The average Australian household is worth $1 million. The number of crimes recorded in Australia has reached a record high. Polls predict a comfortable Labor victory.
Headlines such as these are not wrong but … drill into the information behind them and it becomes clear they're not quite what they seem.
Average does not necessarily mean typical, for instance, and the number of crimes may well have risen in line with population growth, as you'd expect. And political polls? Well, their fallibility is well documented.
What these headlines have in common is that they seek to tell stories based on statistics, which are drawn from data. Yes, data, that buzziest of buzzwords in an online age where it seems everything we do produces information.
Being able to interpret data and statistics is a handy skill for anyone who wants to be well-informed.Most of us weigh up information every day and think about statistics a lot more than we probably give ourselves credit for.
Here are some common confusions and pitfalls in the way statistics are expressed – as well as some things to keep in mind whenever you stumble on a headline that causes you to raise an eyebrow.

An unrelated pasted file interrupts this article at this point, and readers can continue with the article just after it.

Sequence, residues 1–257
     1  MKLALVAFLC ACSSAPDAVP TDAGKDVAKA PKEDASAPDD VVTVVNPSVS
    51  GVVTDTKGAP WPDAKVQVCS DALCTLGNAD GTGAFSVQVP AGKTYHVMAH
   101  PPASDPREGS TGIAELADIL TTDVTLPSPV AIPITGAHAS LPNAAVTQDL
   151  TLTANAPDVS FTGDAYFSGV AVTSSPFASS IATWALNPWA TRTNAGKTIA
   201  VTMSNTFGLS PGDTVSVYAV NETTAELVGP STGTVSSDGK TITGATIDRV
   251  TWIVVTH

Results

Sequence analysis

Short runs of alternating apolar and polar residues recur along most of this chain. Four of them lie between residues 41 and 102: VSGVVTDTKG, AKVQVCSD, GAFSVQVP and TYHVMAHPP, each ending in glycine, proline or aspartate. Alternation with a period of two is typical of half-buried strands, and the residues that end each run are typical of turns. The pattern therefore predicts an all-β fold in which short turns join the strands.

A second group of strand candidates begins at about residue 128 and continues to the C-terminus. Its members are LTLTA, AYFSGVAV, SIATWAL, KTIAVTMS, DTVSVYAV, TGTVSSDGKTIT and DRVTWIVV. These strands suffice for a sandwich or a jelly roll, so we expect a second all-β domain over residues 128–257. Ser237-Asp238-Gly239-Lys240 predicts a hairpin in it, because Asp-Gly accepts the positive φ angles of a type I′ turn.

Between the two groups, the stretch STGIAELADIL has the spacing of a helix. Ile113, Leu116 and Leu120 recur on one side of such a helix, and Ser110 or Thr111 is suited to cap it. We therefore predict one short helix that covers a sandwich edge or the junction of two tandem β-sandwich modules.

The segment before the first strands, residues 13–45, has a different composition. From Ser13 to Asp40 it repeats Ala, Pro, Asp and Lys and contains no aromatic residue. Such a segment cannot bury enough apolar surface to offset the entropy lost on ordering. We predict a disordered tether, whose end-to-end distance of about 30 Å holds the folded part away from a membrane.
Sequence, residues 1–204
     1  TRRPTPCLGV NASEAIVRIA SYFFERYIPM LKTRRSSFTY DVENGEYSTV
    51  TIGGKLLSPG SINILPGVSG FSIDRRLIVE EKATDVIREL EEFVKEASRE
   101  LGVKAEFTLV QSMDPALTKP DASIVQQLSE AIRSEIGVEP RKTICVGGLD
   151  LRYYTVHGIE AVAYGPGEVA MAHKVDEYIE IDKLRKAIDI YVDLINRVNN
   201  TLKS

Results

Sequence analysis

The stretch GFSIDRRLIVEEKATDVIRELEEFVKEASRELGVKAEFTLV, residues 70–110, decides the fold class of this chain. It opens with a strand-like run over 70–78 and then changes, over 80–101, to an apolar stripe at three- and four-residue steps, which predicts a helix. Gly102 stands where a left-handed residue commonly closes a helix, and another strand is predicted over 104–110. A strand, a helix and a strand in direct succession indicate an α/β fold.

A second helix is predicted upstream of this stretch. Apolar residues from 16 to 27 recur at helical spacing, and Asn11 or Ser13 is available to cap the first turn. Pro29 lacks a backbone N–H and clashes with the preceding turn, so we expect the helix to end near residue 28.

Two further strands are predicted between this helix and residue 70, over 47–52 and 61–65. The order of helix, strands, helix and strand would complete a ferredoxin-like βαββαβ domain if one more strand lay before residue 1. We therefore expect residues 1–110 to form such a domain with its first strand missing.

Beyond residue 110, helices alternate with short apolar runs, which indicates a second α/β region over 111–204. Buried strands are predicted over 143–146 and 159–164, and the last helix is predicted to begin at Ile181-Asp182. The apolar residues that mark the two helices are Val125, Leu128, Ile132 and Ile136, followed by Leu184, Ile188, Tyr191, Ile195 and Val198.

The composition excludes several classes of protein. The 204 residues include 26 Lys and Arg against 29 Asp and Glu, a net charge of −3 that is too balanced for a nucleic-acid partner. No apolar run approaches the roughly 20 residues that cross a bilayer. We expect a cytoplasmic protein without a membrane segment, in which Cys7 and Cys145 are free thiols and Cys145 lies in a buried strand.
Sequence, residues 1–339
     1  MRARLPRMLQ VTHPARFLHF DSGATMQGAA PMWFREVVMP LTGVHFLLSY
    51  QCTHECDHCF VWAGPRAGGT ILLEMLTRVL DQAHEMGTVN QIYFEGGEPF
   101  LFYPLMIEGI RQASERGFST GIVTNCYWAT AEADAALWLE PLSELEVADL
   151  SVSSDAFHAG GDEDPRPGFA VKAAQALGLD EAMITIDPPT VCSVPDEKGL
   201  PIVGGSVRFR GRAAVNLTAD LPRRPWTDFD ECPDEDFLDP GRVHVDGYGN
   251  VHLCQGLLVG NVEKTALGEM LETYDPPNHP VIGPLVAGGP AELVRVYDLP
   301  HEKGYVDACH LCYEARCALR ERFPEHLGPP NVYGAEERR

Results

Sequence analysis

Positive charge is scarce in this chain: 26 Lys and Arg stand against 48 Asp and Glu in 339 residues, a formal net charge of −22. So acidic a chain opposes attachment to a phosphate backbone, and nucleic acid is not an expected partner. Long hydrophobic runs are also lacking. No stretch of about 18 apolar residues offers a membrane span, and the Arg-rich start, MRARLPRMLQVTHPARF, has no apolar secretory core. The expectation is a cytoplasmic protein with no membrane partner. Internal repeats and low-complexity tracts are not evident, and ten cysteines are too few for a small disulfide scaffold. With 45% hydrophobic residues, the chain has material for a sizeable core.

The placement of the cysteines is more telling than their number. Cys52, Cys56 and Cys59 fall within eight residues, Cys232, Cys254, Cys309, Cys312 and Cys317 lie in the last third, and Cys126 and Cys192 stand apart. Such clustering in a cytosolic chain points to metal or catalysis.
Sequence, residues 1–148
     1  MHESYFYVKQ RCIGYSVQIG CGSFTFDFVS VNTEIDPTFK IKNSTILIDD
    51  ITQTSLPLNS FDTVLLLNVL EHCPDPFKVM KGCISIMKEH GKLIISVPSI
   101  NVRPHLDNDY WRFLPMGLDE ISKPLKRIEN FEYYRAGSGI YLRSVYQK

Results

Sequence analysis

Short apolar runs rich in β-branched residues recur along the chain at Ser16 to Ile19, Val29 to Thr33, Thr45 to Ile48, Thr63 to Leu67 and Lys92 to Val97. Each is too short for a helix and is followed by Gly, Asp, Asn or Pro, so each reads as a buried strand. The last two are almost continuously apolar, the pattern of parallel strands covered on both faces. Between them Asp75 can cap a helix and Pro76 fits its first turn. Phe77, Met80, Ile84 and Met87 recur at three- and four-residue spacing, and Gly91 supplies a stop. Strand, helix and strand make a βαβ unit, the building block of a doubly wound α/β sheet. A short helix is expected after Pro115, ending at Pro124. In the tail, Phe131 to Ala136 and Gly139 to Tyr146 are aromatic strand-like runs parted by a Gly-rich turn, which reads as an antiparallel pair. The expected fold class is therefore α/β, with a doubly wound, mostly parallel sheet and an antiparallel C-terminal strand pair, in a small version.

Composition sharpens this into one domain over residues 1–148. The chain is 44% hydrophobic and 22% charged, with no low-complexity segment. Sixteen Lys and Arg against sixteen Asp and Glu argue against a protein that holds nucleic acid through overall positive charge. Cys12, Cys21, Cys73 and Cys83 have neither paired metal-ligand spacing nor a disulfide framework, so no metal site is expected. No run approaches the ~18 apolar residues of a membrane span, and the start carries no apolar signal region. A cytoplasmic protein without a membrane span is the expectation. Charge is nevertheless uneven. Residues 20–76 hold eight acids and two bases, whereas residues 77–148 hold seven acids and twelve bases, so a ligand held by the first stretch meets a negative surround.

Mean or median?
“Australians, on average, are now millionaires.”
Sounds good, doesn’t it?
But “on average” is a phrase ripe for misuse, especially if it’s not qualified by one of these two words: mean or median.
The headline above came from Australian Bureau of Statistics research into economic indicators of wealth. There are several different types of indicators and they lead to quite different results. To calculate the mean, the bureau pooled the net worth of Australian households and divided the result by the number of households counted – and came up with $1,022,200.
Household net worth includes the total amount of property, assets, shares and savings owned by all the people who live under one roof. It’s not right, though, to call a household net worth of $1.02 million typical.
Take, say, five households of varying wealth all living in a cul-de-sac, including one that’s worth heaps more than the rest because it's headed up by a multi-billionaire.
To calculate the mean household worth in this cul-de-sac, pool the net worths and distribute the total evenly among the total number of households, as the ABS did with its calculation.
Now, the average net worth of all five households in our example surges to $3 billion. In other words, one rich person’s presence makes a billionaire’s row out of an otherwise humble cul-de-sac – on paper. But the typical household in that cul-de-sac is not worth $3 billion bucks.